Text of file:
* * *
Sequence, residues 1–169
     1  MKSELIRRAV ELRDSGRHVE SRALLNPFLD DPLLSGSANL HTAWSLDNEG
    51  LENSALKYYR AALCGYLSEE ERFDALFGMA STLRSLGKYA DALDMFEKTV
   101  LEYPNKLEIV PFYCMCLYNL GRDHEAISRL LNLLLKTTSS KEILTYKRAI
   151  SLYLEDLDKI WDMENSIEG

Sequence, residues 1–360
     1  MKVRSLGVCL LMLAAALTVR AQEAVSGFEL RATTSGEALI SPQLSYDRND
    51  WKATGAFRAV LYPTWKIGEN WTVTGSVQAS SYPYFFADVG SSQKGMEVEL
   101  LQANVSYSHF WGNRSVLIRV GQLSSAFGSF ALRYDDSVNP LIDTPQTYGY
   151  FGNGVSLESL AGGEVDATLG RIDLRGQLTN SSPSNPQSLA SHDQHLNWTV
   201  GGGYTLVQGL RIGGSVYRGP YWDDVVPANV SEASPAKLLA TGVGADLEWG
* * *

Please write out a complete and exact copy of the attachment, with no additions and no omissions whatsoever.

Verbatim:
Sequence, residues 1–169
     1  MKSELIRRAV ELRDSGRHVE SRALLNPFLD DPLLSGSANL HTAWSLDNEG
    51  LENSALKYYR AALCGYLSEE ERFDALFGMA STLRSLGKYA DALDMFEKTV
   101  LEYPNKLEIV PFYCMCLYNL GRDHEAISRL LNLLLKTTSS KEILTYKRAI
   151  SLYLEDLDKI WDMENSIEG

Sequence, residues 1–360
     1  MKVRSLGVCL LMLAAALTVR AQEAVSGFEL RATTSGEALI SPQLSYDRND
    51  WKATGAFRAV LYPTWKIGEN WTVTGSVQAS SYPYFFADVG SSQKGMEVEL
   101  LQANVSYSHF WGNRSVLIRV GQLSSAFGSF ALRYDDSVNP LIDTPQTYGY
   151  FGNGVSLESL AGGEVDATLG RIDLRGQLTN SSPSNPQSLA SHDQHLNWTV
   201  GGGYTLVQGL RIGGSVYRGP YWDDVVPANV SEASPAKLLA TGVGADLEWG